We hope you’ll enjoy this excerpt from Yael’s book, Generation to Generation: Passing on a Legacy of Faith to Our Children.
From God’s commandment to Abraham to leave his homeland for a land he did not know following a God that he could not see, to the nation of Israel standing on the shores of the Red Sea with the mighty Egyptian army at their heels, to the prophet Daniel facing certain death in the lion’s den, the Torah is filled with stories and lessons about faith in God.
In fact one of the greatest Jewish sages, the 18th-century Rabbi Elijah of Vilna, taught that the entire purpose of the Bible is, “So that your trust may be in the Lord” (Proverbs 22:19). Indeed, what is the purpose of any faith community if not to inspire faith in our Heavenly Father?
However, upon closer examination, it is clear that there are different levels of faith. There is a foundational belief in God, including the conviction that He is all-knowing, all-powerful, and all-loving. In Jewish tradition, we affirm 13 principles of faith each day, such as our belief that God created the world and the belief that the messiah will come. Every day, we declare that we believe in God’s existence and acknowledge His involvement in the world.
Believing and Trusting in God
Yet, there is another type of faith, one which requires us to take what we believe in our head and unite it with our heart so that we live out our faith. This type of faith requires that we not only believe in God, but that we also trust God — day in and day out, moment to moment.
The great 19th-century Torah scholar Rabbi Israel Salanter said, “The longest distance between two points is the distance between the head and the heart.” These two levels of faith — between what we believe with our mind and know in our heart — are, indeed, often worlds apart. Bridging the two is part of our lifelong service to God. In the Christian Bible, the apostle Paul described it this way, “For we live by faith, not by sight” (2 Corinthians 5:7).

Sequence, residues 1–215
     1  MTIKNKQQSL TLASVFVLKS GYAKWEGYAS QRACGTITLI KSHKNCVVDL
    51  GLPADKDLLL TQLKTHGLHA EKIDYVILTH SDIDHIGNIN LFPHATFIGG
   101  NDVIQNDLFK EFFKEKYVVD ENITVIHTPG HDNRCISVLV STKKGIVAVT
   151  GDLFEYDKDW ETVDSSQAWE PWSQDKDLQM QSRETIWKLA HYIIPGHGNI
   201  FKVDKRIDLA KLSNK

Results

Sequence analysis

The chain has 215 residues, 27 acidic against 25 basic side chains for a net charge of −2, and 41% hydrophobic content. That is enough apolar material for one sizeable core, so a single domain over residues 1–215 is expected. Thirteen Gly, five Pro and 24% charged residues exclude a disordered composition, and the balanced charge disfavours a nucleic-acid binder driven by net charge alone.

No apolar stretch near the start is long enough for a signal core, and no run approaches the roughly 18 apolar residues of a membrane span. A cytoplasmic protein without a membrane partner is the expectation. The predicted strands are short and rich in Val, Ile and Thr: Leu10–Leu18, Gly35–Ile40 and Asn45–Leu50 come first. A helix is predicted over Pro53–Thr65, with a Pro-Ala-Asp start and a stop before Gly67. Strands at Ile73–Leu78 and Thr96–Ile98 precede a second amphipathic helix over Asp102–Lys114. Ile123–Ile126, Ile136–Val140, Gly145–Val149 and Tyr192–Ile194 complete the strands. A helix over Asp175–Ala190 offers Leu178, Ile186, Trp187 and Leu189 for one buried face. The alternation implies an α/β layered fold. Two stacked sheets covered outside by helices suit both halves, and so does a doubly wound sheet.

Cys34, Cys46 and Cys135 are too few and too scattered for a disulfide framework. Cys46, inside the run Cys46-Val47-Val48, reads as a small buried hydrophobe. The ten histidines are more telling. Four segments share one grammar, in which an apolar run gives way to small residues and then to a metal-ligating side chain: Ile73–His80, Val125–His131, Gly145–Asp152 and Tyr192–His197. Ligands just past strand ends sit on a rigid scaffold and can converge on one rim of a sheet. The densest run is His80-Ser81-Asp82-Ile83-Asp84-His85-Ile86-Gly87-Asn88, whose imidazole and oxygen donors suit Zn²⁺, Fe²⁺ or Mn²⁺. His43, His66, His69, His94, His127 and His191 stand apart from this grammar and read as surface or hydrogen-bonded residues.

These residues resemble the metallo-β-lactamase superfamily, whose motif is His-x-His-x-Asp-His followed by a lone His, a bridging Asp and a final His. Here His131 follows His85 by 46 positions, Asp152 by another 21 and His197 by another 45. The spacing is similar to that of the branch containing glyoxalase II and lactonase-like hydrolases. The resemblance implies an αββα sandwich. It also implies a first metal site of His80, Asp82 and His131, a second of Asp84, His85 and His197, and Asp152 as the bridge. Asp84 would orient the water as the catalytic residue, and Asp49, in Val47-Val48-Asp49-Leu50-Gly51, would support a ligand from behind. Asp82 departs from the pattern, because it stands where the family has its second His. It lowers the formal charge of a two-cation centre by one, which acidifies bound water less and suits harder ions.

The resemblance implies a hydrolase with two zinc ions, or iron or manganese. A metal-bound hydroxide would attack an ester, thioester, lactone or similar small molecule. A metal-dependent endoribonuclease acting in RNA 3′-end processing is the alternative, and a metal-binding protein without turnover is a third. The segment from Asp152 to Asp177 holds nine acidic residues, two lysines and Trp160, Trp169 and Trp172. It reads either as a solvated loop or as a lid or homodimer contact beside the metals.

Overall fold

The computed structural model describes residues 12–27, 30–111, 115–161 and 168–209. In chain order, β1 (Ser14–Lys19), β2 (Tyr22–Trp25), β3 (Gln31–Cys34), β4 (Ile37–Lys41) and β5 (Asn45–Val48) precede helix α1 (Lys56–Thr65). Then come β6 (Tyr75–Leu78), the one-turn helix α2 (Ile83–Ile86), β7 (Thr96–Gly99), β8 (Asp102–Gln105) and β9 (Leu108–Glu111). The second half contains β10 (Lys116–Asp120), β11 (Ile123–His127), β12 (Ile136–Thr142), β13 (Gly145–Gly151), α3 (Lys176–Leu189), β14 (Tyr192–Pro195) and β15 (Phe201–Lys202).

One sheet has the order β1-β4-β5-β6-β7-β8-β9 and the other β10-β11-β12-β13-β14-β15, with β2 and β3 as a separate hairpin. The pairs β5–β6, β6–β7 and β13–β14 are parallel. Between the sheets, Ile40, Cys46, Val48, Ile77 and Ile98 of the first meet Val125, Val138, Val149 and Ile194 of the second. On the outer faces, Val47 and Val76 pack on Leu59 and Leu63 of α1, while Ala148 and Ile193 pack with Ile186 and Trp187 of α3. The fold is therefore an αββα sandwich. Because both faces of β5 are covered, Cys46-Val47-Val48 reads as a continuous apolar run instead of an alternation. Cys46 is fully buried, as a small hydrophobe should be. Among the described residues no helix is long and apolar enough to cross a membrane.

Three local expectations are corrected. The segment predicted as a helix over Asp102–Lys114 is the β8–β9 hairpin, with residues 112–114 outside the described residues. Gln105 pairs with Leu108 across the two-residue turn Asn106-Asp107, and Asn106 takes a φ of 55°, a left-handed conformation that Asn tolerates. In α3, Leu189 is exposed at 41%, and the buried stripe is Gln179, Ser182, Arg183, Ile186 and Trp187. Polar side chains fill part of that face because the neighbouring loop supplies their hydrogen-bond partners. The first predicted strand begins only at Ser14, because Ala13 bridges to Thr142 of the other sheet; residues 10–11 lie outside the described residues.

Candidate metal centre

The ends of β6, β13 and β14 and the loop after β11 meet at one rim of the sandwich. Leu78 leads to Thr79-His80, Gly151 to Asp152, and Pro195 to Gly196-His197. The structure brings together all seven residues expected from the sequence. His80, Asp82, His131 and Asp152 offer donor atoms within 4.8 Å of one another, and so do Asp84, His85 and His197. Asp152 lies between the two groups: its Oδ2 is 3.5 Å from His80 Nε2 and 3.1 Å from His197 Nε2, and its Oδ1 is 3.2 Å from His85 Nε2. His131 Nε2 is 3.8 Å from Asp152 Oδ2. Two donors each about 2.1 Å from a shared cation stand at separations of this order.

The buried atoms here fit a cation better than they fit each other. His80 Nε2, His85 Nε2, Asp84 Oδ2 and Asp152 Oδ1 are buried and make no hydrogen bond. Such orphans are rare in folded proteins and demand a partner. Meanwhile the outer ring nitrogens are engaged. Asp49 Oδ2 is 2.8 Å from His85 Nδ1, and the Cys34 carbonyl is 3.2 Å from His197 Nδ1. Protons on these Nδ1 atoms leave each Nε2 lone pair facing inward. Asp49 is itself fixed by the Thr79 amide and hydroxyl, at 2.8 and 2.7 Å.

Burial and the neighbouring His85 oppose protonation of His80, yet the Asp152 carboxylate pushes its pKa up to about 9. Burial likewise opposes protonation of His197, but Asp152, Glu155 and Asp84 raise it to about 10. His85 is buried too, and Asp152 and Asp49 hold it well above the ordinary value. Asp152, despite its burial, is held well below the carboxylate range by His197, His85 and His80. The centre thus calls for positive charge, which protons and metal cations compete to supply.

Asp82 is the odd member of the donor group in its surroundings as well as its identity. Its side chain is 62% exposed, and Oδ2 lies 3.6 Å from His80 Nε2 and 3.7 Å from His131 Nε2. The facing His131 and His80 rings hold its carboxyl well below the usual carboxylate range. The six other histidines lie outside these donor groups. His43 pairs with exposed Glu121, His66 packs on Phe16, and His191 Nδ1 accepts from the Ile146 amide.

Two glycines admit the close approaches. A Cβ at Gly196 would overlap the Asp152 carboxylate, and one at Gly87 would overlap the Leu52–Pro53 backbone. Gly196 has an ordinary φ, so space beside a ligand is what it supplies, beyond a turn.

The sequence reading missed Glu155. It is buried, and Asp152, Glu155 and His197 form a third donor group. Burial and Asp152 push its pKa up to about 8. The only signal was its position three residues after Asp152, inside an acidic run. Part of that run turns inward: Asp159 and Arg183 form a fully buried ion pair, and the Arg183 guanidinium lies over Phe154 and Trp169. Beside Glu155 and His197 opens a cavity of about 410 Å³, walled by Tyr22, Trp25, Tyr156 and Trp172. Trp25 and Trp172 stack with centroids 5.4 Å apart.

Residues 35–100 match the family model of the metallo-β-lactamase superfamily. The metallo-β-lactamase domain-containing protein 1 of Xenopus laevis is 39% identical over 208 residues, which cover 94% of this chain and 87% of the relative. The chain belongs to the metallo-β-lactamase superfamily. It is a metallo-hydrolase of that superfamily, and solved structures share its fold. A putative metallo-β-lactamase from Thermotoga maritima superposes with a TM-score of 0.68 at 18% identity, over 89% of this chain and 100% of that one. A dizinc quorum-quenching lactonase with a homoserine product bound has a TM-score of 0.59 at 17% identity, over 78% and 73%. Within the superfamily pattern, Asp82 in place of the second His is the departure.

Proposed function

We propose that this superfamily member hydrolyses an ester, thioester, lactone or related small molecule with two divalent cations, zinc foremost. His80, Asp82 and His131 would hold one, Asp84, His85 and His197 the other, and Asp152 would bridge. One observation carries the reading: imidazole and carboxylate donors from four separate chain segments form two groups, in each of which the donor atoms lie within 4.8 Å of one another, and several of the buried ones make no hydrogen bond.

Faith on a Tightrope
There is a wonderful story that illustrates this. Around the mid-1800s, a man known as the Great Blondin attempted to cross Niagara Falls on a tightrope. Five thousand people gathered to watch. In the middle of the walk, Blondin suddenly stopped, backflipped into the air, landed on the rope, and then continued safely to the other side. Blondin would cross the Falls many more times — once blindfolded, once carrying a stove, once in chains, and once on a bicycle.
One time, however, he showed up with a wheelbarrow. Blondin turned to the crowd and shouted, “Who believes that I can cross pushing this wheelbarrow?” Every hand in the crowd went up.
Blondin pointed at one man. “Do you believe that I can do it?” he asked. “Yes, I believe you can,” said the man. “Are you sure?” said Blondin. “Yes,” said the man. “Absolutely certain?” “Yes, absolutely certain.” “Thank you,” said Blondin. “Then, sir, get into the wheelbarrow.”
Anyone can have a belief, but how many of us are ready to stake our lives on what we believe? There will be times in our lives when our faith will be strong, but our fear will seem stronger. We will all have to decide if we are willing to step into the wheelbarrow and trust that God will deliver us safely across the wire.
Tags: Bible Faith Generation to Generation Torah